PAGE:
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Ron Johnson Pushes JC Penney to the Brink but is Staying the Course

JC Penney’s CEO Ron Johnson is facing a difficult landscape. With same store sales down 26.1% in Q3 (the third consecutive quarter of same store declines), Johnson’s firm is rapidly running aground. The results were accompanied by more grim cash hemorrhaging – a loss of $123 million, in three short months.

Johnson’s response? Full steam ahead. In his speech to investors, Johnson promoted the (scattered, difficult to locate) successes of the chain’s turnaround plan. The extensive renovation plan at the company’s stores, which reorganizes them around a “Main Street” format of store-in-store locations and a central common area, is “gaining traction,” with customers. Sales productivity is “surpassing our own expectations.”

All well and good, but what do the numbers say? The company’s stock is down nearly 50% since it peaked in February. Online sales have collapsed 37.3%, even as other retailers have seen 20-30% growth in online sales, in the same period. Sales productivity may be up, but the kind of productivity gains needed to compensate for the double digit decline in store traffic exist only in Johnson’s fantasy-land.

According to Johnson, it’s all part of the plan.

For outside observers, the obvious culprit is the chain’s floundering “Fair and Square” pricing model. The model eliminated over 600 sales and coupons and replaced them with a three tier system of continuous discounting, month-long sales, and periodic clearance events. In a nod to the fumbling attempt at reshaping consumer expectations, the company is offering a Black Friday sale. But it’s not even fully committed to that. It plans to start the sale at 6am on Friday, while other retailers have pushed theirs back to 8pm on Thursday.

Johnson, who crafted the landmark Apple store design, was widely seen as a Panacea for the struggling retailer. Unfortunately, JC Penney is not Apple. Unlike Apple, which used high demand for its unique products to familiarize customers with a new retailing model, JC Penney does not have any must-have products. In all but a handful of markets, customers who find the new model difficult or unrewarding can simply make their purchases elsewhere.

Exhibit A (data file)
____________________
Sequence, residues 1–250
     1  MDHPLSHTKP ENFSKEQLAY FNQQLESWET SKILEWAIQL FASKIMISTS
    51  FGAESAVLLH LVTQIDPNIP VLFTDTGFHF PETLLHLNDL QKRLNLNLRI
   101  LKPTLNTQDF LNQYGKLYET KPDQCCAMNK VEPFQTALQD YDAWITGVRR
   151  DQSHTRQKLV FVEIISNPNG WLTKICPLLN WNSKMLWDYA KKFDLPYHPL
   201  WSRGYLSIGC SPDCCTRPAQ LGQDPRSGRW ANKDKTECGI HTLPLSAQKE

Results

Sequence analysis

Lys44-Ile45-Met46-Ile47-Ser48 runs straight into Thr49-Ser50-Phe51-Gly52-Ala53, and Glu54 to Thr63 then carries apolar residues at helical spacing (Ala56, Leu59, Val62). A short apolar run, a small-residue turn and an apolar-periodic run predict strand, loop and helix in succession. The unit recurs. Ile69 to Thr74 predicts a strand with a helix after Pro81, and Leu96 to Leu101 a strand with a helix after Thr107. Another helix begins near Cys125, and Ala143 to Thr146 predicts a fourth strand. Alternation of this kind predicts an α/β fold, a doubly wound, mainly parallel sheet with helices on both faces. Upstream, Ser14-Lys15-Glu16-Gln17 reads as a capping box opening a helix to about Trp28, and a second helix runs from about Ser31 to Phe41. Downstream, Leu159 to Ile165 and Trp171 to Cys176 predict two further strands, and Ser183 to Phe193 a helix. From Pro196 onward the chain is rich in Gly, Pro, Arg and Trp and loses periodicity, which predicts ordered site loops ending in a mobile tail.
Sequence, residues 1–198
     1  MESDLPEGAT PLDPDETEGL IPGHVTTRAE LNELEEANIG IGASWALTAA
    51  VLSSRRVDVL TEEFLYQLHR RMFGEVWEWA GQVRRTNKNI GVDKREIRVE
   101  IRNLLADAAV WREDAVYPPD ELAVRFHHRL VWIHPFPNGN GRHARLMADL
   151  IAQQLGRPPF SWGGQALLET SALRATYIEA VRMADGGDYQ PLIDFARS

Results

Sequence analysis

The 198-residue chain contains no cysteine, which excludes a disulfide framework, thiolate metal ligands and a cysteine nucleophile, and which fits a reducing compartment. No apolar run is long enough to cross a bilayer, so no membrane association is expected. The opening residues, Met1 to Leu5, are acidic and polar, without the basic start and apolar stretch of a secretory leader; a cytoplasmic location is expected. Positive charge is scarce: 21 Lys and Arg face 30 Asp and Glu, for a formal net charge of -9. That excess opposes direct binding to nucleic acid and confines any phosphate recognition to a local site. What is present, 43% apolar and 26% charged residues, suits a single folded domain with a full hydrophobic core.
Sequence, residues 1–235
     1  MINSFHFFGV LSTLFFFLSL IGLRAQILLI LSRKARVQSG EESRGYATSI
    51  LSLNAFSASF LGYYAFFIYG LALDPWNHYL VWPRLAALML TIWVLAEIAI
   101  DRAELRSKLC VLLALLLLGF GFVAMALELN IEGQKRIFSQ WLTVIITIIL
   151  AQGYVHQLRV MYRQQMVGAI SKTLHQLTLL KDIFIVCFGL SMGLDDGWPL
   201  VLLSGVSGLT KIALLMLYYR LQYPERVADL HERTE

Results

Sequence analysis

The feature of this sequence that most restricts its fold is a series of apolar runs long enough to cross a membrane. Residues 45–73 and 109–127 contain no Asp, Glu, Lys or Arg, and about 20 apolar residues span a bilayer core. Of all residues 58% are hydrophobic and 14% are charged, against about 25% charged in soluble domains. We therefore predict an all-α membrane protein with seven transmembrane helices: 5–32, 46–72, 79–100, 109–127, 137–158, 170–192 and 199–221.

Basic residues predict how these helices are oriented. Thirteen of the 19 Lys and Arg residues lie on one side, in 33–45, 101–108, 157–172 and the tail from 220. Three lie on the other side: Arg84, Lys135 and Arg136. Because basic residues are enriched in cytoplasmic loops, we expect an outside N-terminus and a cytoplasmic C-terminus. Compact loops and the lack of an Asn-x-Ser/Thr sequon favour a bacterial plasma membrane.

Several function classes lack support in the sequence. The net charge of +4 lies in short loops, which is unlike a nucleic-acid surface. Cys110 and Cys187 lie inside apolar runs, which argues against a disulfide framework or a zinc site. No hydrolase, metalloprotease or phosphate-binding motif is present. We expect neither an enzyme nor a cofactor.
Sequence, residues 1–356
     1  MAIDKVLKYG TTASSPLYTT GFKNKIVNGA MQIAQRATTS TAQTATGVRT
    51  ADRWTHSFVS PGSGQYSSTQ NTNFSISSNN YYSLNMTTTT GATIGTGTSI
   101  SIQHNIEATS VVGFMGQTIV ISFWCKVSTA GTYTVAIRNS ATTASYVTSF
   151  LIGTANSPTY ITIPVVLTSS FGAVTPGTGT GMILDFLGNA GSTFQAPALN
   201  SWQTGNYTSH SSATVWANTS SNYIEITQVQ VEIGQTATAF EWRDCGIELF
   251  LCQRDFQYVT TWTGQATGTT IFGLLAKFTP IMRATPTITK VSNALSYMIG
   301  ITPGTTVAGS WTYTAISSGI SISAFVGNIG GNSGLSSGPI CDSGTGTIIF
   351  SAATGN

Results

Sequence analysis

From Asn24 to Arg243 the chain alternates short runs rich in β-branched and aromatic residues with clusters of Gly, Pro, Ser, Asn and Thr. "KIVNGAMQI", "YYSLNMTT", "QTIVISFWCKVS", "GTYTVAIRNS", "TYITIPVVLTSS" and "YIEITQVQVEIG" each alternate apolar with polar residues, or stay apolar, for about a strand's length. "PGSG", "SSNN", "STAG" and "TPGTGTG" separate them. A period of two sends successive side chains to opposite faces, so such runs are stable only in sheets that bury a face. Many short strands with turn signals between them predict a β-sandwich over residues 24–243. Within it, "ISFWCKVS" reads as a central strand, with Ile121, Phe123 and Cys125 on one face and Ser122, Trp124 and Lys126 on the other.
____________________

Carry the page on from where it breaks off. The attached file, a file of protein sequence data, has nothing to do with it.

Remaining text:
Johnson’s store redesign is having more success, though it may not compensate for the failure of the discounting model. At stores that have undergone renovations (which are moving ahead rapidly), the company is making sales of $269 per square foot, compared to $134 in older stores. Unfortunately, only 10% of stores have completed renovations.

Finishing the remaining 90% is expected to cost $1 billion and take three years. If losses continue at the rate of the last three quarters, the company may find itself in a cash crunch. It has a $1.5 billion credit line, and $500 million in cash, but it needs that money for the transformation process – it can’t be using it to finance operations.

The firm’s largest shareholder continues to support Johnson, who may yet emerge as a retailing genius (if the company doesn’t go broke). With his support, it’s possible that JC Penney may have access to additional unreported capital in the form of a direct contribution. Additionally, Johnson, wealthy from his time at Apple, could choose to put his own money into the game.

If Johnson is successful in reviving the legacy retailer, it will likely only happen through slimming the company down. The company could liquidate real estate assets – an increasingly viable option as the market recovers and consumer demand rebounds. That money could finance a more rapid transformation of high-traffic stores and underwrite more designer collaborations. But the move would represent a setback for Penney’s, which, at this point, stands to miss out on the economic growth analysts are predicting for 2013 and 2014.

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